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Coherent microscopy by laser optical feedback imaging (LOFI) technique

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Coherent microscopy by laser optical feedback imaging (LOFI) technique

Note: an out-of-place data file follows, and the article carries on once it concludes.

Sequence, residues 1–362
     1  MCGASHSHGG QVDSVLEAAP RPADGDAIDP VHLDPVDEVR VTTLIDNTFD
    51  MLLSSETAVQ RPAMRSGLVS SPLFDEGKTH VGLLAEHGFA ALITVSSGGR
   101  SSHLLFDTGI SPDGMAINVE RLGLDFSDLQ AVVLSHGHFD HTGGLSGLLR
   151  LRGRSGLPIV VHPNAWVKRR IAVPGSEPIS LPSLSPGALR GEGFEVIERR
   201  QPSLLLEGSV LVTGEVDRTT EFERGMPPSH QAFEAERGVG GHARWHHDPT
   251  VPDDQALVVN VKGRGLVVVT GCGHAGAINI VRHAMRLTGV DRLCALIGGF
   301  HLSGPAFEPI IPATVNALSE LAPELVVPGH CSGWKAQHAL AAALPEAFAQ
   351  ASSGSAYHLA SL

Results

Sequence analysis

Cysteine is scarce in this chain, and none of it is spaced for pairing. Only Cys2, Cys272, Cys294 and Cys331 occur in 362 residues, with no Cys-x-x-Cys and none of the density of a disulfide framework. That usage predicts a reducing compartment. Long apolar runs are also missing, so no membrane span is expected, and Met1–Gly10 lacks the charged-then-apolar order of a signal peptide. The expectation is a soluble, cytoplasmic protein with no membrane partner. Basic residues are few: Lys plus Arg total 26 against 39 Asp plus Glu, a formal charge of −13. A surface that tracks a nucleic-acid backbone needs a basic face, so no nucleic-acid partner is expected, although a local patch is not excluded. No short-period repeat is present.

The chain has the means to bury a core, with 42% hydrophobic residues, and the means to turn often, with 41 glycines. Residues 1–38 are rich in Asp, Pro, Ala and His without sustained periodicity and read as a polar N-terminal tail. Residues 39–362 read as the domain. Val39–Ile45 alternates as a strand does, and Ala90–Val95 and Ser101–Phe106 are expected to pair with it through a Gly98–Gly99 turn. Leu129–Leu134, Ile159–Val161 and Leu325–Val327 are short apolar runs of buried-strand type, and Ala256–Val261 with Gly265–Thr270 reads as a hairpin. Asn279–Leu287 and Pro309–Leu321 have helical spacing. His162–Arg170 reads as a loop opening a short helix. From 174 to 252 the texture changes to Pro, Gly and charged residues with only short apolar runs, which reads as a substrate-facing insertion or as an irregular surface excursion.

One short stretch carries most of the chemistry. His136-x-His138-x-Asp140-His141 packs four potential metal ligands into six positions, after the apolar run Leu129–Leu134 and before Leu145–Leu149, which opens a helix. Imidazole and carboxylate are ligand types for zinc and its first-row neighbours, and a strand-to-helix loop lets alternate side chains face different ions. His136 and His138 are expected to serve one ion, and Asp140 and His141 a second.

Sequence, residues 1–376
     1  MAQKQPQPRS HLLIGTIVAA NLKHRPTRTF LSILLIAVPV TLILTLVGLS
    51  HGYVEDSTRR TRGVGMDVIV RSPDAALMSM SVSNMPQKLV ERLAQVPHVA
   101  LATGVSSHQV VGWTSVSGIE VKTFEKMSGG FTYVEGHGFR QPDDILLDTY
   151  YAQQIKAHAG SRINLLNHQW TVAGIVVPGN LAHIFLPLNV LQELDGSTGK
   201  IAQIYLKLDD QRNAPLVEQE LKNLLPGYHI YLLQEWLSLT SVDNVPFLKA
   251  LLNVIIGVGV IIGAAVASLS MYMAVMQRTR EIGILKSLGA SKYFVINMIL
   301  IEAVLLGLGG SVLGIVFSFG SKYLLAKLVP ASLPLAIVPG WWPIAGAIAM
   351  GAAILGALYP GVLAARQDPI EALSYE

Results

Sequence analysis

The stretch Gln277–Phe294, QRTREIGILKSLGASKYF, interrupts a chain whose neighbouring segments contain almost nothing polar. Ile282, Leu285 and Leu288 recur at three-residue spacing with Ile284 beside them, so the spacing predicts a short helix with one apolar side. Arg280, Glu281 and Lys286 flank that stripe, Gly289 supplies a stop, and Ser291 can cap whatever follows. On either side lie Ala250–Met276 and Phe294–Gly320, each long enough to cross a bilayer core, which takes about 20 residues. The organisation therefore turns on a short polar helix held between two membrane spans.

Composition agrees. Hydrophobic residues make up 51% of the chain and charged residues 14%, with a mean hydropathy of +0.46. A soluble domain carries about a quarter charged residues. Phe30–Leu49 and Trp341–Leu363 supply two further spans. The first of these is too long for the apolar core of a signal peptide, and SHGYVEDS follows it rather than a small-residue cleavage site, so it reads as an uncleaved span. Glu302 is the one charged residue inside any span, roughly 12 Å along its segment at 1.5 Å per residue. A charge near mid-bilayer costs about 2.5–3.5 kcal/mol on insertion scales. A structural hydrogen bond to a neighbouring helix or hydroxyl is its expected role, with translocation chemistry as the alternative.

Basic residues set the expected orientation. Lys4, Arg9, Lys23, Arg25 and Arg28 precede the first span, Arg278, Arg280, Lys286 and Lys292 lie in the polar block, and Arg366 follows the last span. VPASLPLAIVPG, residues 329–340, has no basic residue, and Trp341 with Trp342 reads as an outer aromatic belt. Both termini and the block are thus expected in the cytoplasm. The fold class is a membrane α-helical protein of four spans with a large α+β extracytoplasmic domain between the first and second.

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   1 Coherent microscopy by laser optical feedback imaging (LOFI) technique O. Hugon, F. Joud 1 , E. Lacot, O. Jacquin, H. Guillet de Chatellus. UJF - Grenoble 1 / CNRS, LIPhy UMR 5588, Grenoble, F-38041, France. Corresponding author  : Olivier HUGON Laboratoire interdisciplinaire de Physique B.P. 87 38402 Saint Martin d’Hères Cedex FRANCE Tel: (33)+4 76 51 47 49 Fax: (33)+4 76 63 54 95 E-mail: olivier.hugon@ujf-grenoble.fr Abstract The application of the non conventional imaging technique LOFI (Laser Optical Feedback Imaging) to coherent microscopy is presented. This simple and efficient technique using frequency-shifted optical feedback needs the sample to be scanned in order to obtain an image. The effects on magnitude and phase signals such as vignetting and field curvature occasioned by the scanning with galvanometric mirrors are discussed. A simple monitoring method based on phase images is proposed to find the optimal position of the scanner. Finally, some experimental results illustrating this technique are presented. Keywords : Optical feedback, phase-sensitive detection, scanner, vignetting, field curvature. 1  Present address : Ecole Normale Supérieure, Laboratoire Kastler Brossel, Paris, France. 1. Introduction The coherent re-injection of light in a laser cavity can be at the srcin of a modification of the laser behavior. Often considered as a parasitic phenomenon, it can for example drive the laser in a chaotic regime [ 1 ]. When it is correctly controlled, the optical re-injection in a laser can however be used in order to improve its characteristics, such as for example the linewidth narrowing [ 2 ], or for metrology purpose [ 3 - 10 ], thus conferring on the laser the role of source and detector at the same time. Since 1963, this principle was employed in an autodyne configuration to measure distances or speeds [ 11 , 12 ]. More recently, a heterodyne imagery technique called LOFI (Laser Optical Feedback Imaging) was developed [ 13 ] and has been used for miscellaneous applications [ 14 - 16 ]. Coherent microscopy is one of many areas of application of this versatile technique. It provides access to the complex amplitude of the backscattered field and thus allows obtaining a high resolution, 3D representation of a sample [ 17 - 19 ]. Classically, to measure the   2 height of a sample with a high resolution (i.e. much smaller than the wavelength), one have to build an interferometer which is usually complicated to implement. The LOFI technique allows making interferometric measurement with a particularly simple arrangement which can easily be adapted on a conventional microscope to provide an existing setup with new imaging modalities. Moreover, under some particular conditions, the reinjection of light in the laser may introduce an optical amplification of the interferometric signal. 2. Principle The LOFI technique allows the coherent detection of the photons that have been backscattered by a target [ 20 ]. For that purpose, a laser which is a coherent light source is used in a heterodyne interferometer of which the reference arm is replaced by the laser cavity itself. By doing so, interferences occur inside the laser cavity because of the reinjection of a small amount of the backscattered light, accordingly to the reverse path principle. These interferences can be analyzed by measuring a fraction of the laser output power. This approach has several advantages that will be described below. First, the detection of backscattered photons allows working with a very wide range of targets, transparent or opaque, thin or thick. Only a single interface between two media with different optical index is needed to get a signal. Then, much information is contained in the complex amplitude of the interferometric signal. Its magnitude depends on the amount of detected photons, which is linked to the refractive index contrast, absorption and diffusion coefficients, polarization and even the target topology. On the other hand, its argument is governed by the optical path length between the laser and the target. This quantity depends on the refractive index and thicknesses of the media through which light traveled. Several kinds of images can then be realized, with a contrast generated by the opto-geometrical parameters of the target, thus having different significations and values. The coherent detection is also favorable to obtain high resolution images in a scattering medium [ 26 ], because the multi-scattered photons have lost their coherence. Only the ballistic photons that keep the spatial information of their interaction with the target are detected. Unfortunately, they are usually very few and it is therefore necessary to implement a very sensitive detection scheme. The use of the laser cavity as a reference also brings some benefits. First, there is no need for a delicate alignment between the probe beam and the reference beam because the setup is self-aligned by construction. Then, the main trump of this technique lies in the interferometric signal amplification by a resonance phenomenon in the laser dynamics. Such amplification is made possible by the use of a class B laser which is characterized by a photon lifetime in the cavity that is shorter than the fluorescence lifetime of the active medium. These lasers show relaxation oscillations of their intensity and are very sensitive to optical feedback, particularly when the reinjected light has a frequency shift which is close to the relaxation frequency. We have shown that this gain increases the signal to noise ratio of the system for given laser power and noise detection level [ 21 , 22 ]. 3. Experimental setup Figure 1 shows a schematic of the experiment. In this study, we used a diode-pumped Nd 3+ :YAG microchip laser with a 800 µm thick cavity which emits a radiation of a few mW at the wavelength of 1.064 µm. Its relaxation frequency is around 1 MHz. The heterodynation is realized with a frequency shifter constituted by two acousto-optic deflectors (IntraAction, ATM-801A2), respectively operating at 81.5 MHz (order +1) and 81.5 MHz- ∆ f (order –1), so that the overall frequency shift is ∆ f. This frequency shift can be controlled from the AOD driver (IntraAction, DFE-804A4A). It is chosen close to the relaxation frequency of the laser in order to profit from the dynamical amplification phenomenon. A two-axis galvanometric mirror scanner (Cambridge Technology, 6220) makes it possible to move the beam on the surface of the sample to obtain an image. The beam is injected into the microscope (Zeiss, Axio Imager M1) via the side port and is focused on the sample by the objective (Zeiss, A-Plan 40x/0.65). Because of the great sensitivity of the system with respect to any back-reflection, all the lenses (except for the microscope objective) are anti-reflection   3 coated for the working wavelength: 1.064 µm. A fraction of the output intensity of the laser is sent on a Si-photodiode with a beam splitter. The magnitude and phase of the interferometric signal are provided by a lock-in amplifier operating at 2 ∆ f (Stanford Research, SR844) and digitized by a 12 bits data acquisition board (National Instruments, NI USB-6211). Home-made software developed under the LabVIEW environment has in charge to drive the scanner and to synchronously acquire the data in order to build the images. 4. Scanner induced distortions The phase measurements are those that require the most attention. In order to have good quality images, it is necessary to scan the target quickly to avoid any drift during the acquisition. One should also remove any source of vibrations. For these reasons, it is preferable to use a galvanometric mirrors scanner to scan the beam on the target rather than moving the target itself. However, this solution also has some drawbacks that result in distorted magnitude and phase images. In an ideal case, the scanner must be positioned in a plane conjugate to the entrance pupil of the microscope objective to avoid the vignetting phenomenon when scanning. In practice, it is not possible to satisfy this condition simultaneously for both the scanner mirrors (unless they are conjugated with additional optics, which complicates the setup and makes it more cumbersome). Therefore, it occasions a vignetting effect that can be easily assessed. The last part of the setup taking place between the scanner and the target is detailed on Figure 2. P 1  is the conjugate plane of the entrance pupil Pu of the microscope objective L 5 . The scanner mirrors M 1  and M 2  are separated by a distance e. They are arranged on either side of the plane P 1  so that M 1  is separated from P by a distance d. For simplicity of representation, the deflection by the two mirrors has been represented in the same plane. From this figure, it is easy to establish that when the M 1  mirror deflects the beam by a small angle α  from the optical axis, the lateral shift of the beam compared to the entrance pupil of the objective is: α  dffS'P 34 =  (1) In the same way, we have for the mirror M 2 : ( ) α  deffT'P 34 −=  (2) L 3  and L 4  lenses are wide enough to avoid losses during the scan. In order to profit from the whole numerical aperture of the microscope objective L 5  and, in the same time, to limit the power losses, the lenses system has been designed so that the radius of the beam, that is assumed to be gaussian (see Figure 3), is 1.5 times smaller than the radius of the objective entrance pupil, corresponding to a 99% power transmission ratio when α =0°. By computing the ratio of the field that passes through the objective pupil as a function of the lateral shift, one can then quantify the vignetting effect on magnitude images of a flat and uniformly scattering object located in the observation plane P 3  (Figure 4). These results suggest that the best solution to minimize the vignetting effect on magnitude images (therefore to limit the degradation of the signal to noise ratio) is to share it out on both dimensions by locating the scanner so that the ideal plane P 1  is exactly at the same distance from the mirrors. By doing so, the magnitude is significantly affected only on the edge of the accessible field. The resulting magnitude variations can then easily be corrected with a post processing of the images. On the other hand, the length of the optical path between the laser cavity and the laser spot on the target is modified during the scan. This effect can also be calculated. The path length variations in both dimensions will be determined by comparison with a reference path, in dotted line on Figure 2. Whatever the value of the deflection angle α  of the beam relative to the optical axis, all the optical   4 paths between P and P’ have the same length because these points are conjugated. Moreover, because Pu and P 3  are in the focal planes of L 5 , P’ is at the same optical distance from every point on P 3 . The reference optical path length is then independent of α . If the first scanner mirror M 1  is at a distance d from P, it is easy to find that the difference between the real and the reference optical paths is given by : ( )( ) 1cosdPMQM  11  −=−  α   (3) Similarly, the distance between the mirror M 2  and the point P is responsible for an optical path length variation when scanning which is equal to: ( )  ( )( ) α  cos1dePRPM 2  −−=−  (4) By considering that the mirrors M 1  and M 2  deflect the beam by an angle α  and β  respectively, the phase function of the scanning process can be determined from equations (3) and (4): ( ) ( )( ) [  ( )  ( )( ) ]  β α  β α   cos1de1cosdk2 ,  0  −−+−+Φ=Φ  (5) where Φ 0  is an arbitrary phase term, k=2 π  /  λ  is the wave number and the factor 2 outside the brackets corresponds to a round trip between the laser and the target. Equation (5) has been evaluated for three different scanner positions and the results are shown on Figure 5. These images correspond to the phase images that would be obtained by scanning a flat target which is perpendicular to the optical axis. To recover an image that corresponds to the target profile, the phase must then be processed to remove the scanner induced field curvature. Finally, another effect will be discussed. So far, we have assumed that the mirrors were hit by the beam on their rotation axis, which is not obvious to achieve in practice without monitoring. According to the Figure 6, when the beam is correctly centered on the mirror (i.e. the optical axis intersects the rotation axis) it is reflected at point A, along the dotted line, for any value of α . If it is off-center, then the mirror is hit at point B after a rotation through an angle α  /2, introducing an optical path length difference, in comparison with the centered case, which is given by:      +−=+  α π  43sin21gBCAB  (6) During the scan, an additional phase variation is thus introduced by this decentering: ( )      +−=Φ  α π α  43sin21kg2 g  (7) As can be seen on Figure 7, the correction is noticeable, even for a small shift. A similar expression of this correction is obtained for each mirror, which allows us to compute a new phase pattern taking into account the effect of mirrors decentering (Figure 8). It should be noted that a bad centering is also responsible for an additional vignetting effect on magnitude images. To summarize, the monitoring of the phase images is a good and convenient way to adjust the position and the centering of the scanner. The best configuration which minimizes the vignetting effect corresponds to a centered, saddle shaped phase image. 5. Phase unwrapping When scanning a target, the phase signal provided by the lock-in amplifier is wrapped, which means that it is known modulo 2 π . To recover the real profile of a target, without discontinuity, the phase signal must still be unwrapped. The MLBT algorithm [ 23 ] has been chosen for its robustness towards experimental noise. However, correct phase unwrapping is impossible if the phase fringes are not sufficiently spatially resolved and aberrant results can then be obtained. It is therefore not advisable to unwrap the raw phase image   5 because, as we have shown in the previous section, the scanner induced phase variations are very fast away from the optical axis (i.e. away from the image centre) and it would necessitate a large spatial oversampling which could be completely needless, considering the spatial resolution of the image. Therefore, it is wiser to subtract modulo 2 π  the scanner phase function from the raw phase image before unwrapping it. 6. Experimental results The LOFI microscopy technique was implemented to get magnitude and phase images on two different kinds of samples. The first one is a part of an AFM calibration grid constituted by a set of microscopic blocks etched on a silicon surface. This sample was used first in order to calibrate the horizontal scales of our images. On the magnitude image (Figure 9), the surface micro-structure is clearly visible. The lateral resolution is given by the beam waist on the target and is about 0.5 µm with the microscope objective that has been used. This value is confirmed by the thickness of the blocks edges (dark lines on the image). The image has been voluntarily oversampled in order to facilitate the blocks edges localization with a precision that is better than the optical resolution. Since the whole sample is made of silicon, the image contrast is obviously not only governed by the optical index contrast between the sample and the surrounding medium (the air in this case), but also by the geometrical characteristics of the sample surface. For instance, there is a contrast between the blocks and the space around them because these regions have a different altitude, and we know that the detection efficiency highly depends on the distance between the scattering/reflecting surface and the focal plane [ 24 ]. In the case of a reflecting surface, the incidence angle of the beam also determines the amount of light that will be reinjected, hence the signal magnitude (the higher magnitude is obtained when the beam has a normal incidence). This is the reason why the blocks borders appear darker, as the image edges where the incident beam is at an angle because of the scanning process (see Figure 2). It should be noted that the vignetting effect is negligible in this case because of the small dimensions of the image compared to the accessible field size. On the other hand, the phase image (Figure 10) shows the true topography of the sample with an interferometric resolution [ 25 ], that is to say about a few nm on the vertical scale. According to the manufacturer, the blocks height is 140 nm ±  10%. The precision of the phase determination is strongly dependant on the signal to noise ratio, which is enhanced by the LOFI technique. Thus, it is possible to have a good quality phase measurement, even with a weak backscattered signal (which is typically the case on the blocks borders). Magnitude and phase images have been acquired simultaneously in 10 s for a size of 256 ×  256 pixels. This time corresponds to 150 µs by pixel which is the response time of our instrumentation. The other object that we have observed is a biological sample. The cells from a fresh blood drop have been separated on a glass microscope slide by the classical blood smear technique. The edge of a red blood cell is visible on the magnitude image (Figure 11) but the phase image (Figure 12) is much more interesting as we clearly see the characteristic concave shape of the cell. This image also shows that the cell seems to be surrounded by some substance, probably the plasma. It should be noted that there is no height scale on Figure 12. Indeed, when dealing with thin and transparent objects such as a cell in the near infrared, the measured phase is no longer proportional to the object height. A very simple model can offer an explanation to this phenomenon. It results from the interference between the signals scattered or reflected by the different interfaces of the object when they are very close (that means separated by a distance which is small or comparable to the Rayleigh range). Let us consider a target constituted by a thin transparent layer on a semi-infinite substrate (Figure 13). The first contribution to the detected signal comes from the reflection at the superstrate/layer interface. In the reference plane, after a round trip, the complex amplitude of the reflected field is proportional to: